Nowhere delivers the thrill of the open road quite like the USA – but where to start? And where to find the routes less-travelled? Here's how to plan an awesome American road trip – Mustang essential, of course...
There’s little as enticing to the average road tripper as a fork in the road. To my left lay the quick route to Denver; it was the obvious, responsible choice if I was to make my pre-planned arrival time. But to my right... A tempting, meandering detour through Rocky Mountain National Park. It would at least double my drive time. Taking it would be supremely reckless. After a brief deliberation, I turned right.
Not for the first time on this trip, I felt the thrill of rebellion. Indeed, this whole drive was something of a revolt against the classic US road trip. I’d previously driven both Route 66 and Route 1, so this time I’d made a conscious decision to follow no set highway or preordained trail and instead create something more unique.
Armed with a map, a loose plan to be in Denver a few weeks hence, and the keys to a red Mustang (I wanted to tackle this frontier with some genuine horse power), I started in Seattle, unofficial capital of the Pacific Northwest, sandwiched between salty Puget Sound and serene Lake Washington. As I drove out of the city, the skyscrapers were soon replaced by the serrated edges of the Cascade Mountains; highest among them, caked in glaciers, was Mount Rainier, the stratovolcano that dominates the eponymous national park. Its summit is a challenge for experienced mountaineers only, but thankfully there are plenty of other options.
“If you want to escape the crowds try the Moraine Trail,” suggested interpretive ranger Maureen McLean as I arrived at Paradise, and the visitor centre. “As soon as the tarmac ends, so do the people and you will get to peer into the belly of the mountain.” Mount Rainier National Park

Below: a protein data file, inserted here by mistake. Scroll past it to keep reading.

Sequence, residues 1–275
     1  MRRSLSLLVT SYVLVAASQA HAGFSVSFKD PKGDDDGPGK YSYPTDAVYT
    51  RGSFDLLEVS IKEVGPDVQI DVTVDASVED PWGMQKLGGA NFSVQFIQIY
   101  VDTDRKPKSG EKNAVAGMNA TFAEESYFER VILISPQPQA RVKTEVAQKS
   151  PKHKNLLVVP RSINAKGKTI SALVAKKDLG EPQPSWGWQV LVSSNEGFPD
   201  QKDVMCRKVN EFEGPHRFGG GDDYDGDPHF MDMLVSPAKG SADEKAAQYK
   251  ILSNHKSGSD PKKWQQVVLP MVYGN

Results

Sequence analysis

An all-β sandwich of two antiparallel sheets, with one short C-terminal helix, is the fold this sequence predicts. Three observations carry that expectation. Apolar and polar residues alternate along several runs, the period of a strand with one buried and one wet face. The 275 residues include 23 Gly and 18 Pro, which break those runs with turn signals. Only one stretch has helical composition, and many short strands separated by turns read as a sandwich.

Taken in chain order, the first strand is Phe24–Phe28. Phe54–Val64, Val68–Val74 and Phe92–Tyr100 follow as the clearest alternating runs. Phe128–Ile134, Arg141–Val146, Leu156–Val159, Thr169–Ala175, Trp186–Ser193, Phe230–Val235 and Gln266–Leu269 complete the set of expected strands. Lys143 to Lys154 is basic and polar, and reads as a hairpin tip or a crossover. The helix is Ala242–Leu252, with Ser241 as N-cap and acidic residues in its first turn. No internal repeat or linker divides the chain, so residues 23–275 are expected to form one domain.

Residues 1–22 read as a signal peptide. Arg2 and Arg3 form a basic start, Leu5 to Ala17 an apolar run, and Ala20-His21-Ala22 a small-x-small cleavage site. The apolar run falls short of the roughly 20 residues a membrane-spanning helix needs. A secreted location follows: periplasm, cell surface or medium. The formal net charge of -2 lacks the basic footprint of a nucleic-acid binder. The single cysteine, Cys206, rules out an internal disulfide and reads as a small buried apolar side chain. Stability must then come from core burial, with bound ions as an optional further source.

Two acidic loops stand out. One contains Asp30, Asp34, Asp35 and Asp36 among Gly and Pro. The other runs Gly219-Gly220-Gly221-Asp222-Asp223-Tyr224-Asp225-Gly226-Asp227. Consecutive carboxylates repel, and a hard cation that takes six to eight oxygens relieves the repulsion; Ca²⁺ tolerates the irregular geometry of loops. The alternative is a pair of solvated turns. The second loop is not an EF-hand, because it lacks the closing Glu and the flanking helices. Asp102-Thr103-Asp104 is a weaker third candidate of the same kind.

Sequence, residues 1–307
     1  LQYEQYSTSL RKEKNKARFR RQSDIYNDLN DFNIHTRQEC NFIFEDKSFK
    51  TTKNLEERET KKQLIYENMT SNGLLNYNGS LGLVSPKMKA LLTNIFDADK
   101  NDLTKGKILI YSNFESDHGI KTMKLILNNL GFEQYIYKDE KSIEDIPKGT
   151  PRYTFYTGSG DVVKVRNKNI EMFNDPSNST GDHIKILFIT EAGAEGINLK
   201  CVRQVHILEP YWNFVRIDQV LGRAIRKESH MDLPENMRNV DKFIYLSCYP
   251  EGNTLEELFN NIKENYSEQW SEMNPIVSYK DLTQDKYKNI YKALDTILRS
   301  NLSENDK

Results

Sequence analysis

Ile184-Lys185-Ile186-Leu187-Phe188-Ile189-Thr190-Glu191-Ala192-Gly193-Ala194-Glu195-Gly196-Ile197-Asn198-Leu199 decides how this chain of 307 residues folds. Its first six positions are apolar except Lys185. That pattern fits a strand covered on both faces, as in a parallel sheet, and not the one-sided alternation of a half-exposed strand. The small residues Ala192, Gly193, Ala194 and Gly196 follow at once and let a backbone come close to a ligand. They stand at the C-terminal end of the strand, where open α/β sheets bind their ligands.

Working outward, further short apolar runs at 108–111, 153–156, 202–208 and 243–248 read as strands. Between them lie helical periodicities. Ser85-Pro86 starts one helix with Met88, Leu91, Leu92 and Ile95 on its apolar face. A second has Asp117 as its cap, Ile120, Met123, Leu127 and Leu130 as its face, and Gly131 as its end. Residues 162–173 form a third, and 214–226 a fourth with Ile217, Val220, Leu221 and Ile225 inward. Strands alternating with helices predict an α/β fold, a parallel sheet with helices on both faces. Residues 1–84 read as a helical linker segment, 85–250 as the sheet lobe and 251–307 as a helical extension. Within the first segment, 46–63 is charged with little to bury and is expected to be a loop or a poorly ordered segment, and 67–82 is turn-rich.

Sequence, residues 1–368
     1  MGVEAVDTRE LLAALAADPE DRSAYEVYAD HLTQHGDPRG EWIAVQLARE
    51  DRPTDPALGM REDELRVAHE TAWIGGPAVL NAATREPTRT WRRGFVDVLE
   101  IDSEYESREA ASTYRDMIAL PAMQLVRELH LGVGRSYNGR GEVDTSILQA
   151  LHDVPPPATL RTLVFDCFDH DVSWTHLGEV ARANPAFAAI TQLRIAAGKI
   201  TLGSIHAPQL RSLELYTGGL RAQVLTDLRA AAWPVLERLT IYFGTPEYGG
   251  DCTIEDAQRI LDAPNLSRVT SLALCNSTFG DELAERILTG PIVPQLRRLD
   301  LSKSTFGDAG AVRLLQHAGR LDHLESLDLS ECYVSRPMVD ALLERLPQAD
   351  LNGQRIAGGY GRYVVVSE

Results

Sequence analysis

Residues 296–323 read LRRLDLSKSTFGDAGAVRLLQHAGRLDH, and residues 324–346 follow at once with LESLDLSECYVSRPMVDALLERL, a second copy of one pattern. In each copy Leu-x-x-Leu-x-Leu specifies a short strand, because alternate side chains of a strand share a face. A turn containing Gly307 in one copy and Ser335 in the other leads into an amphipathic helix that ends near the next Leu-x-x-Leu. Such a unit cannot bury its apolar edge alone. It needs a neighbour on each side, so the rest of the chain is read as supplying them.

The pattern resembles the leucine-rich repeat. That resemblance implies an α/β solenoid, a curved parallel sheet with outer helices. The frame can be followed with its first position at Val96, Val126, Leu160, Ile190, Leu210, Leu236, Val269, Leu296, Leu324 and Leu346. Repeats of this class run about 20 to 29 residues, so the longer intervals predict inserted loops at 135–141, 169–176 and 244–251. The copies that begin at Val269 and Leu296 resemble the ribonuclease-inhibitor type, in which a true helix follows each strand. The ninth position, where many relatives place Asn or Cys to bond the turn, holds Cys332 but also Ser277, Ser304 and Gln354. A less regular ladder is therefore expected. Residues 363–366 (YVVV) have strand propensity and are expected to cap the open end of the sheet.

I was sold, and half an hour later I’d dismounted the Mustang and was on foot, tracing a faint route through wild flowers. Every now and then I’d hear the rustle of chipmunks, smell the sweet nectar of crushed huckleberries, or see a peregrine falcon swoop.
I reached a slope, climbed up loose scree and reached an edge where the earth just fell away at my feet, the glacier having carved its way through. Before I’d set off, Maureen had told me, “There isn’t a bad walk from Paradise, there’s just a bad walk for you. We always say here: one man’s Paradise is another man’s hell on earth.” From my vantage I watched people in the distance on the crowded Panorama Trail, walking queue-like uphill, and smiled. I knew which one I’d found.
From booze to brothels
It was tempting to linger in the shadow of Rainier, but I needed to push on east. Leaving in the pink glow of dawn I picked up the main highway and began scanning road signs for points of interest. The first came at the turn off for Yakima. From the road it didn’t look much – just the obligatory Walmart and McDonald’s signs – but soon I found myself surrounded by countryside, and vineyards.
“Yakima is the Napa of the north,” said winemaker Tad Fewel as he poured me a glass. Tad owns a small winery called Cultura, producing 1,500 cases of red a year; he also still works on his family’s orchard, running a bio-diesel plant – which is used to power his vineyard equipment. His mother, Pepper, runs Cherry Wood B&B and offers agricultural tours to educate people on food provenance. Cherry Wood B&B
Nearly all the horses on her farm (around 30) were rescued from slaughter – “we’re a country who doesn’t like old,” she explained – and every penny from wine tours on horseback or wagon goes to fund the rescue programme. I left my mechanical pony under the watchful eye of a mule to check out the orchard.
After ambling among the apple trees I headed for the Yakama Nation Museum & Culture Centre in nearby Toppenish to learn about the Native Americans who called this valley home. “Most exhibits here were willed from Nipo Strongheart,” said museum program manager Miles Miller. “He was a Hollywood actor in the 1920s and collected books, pictures and artefacts from many tribes.”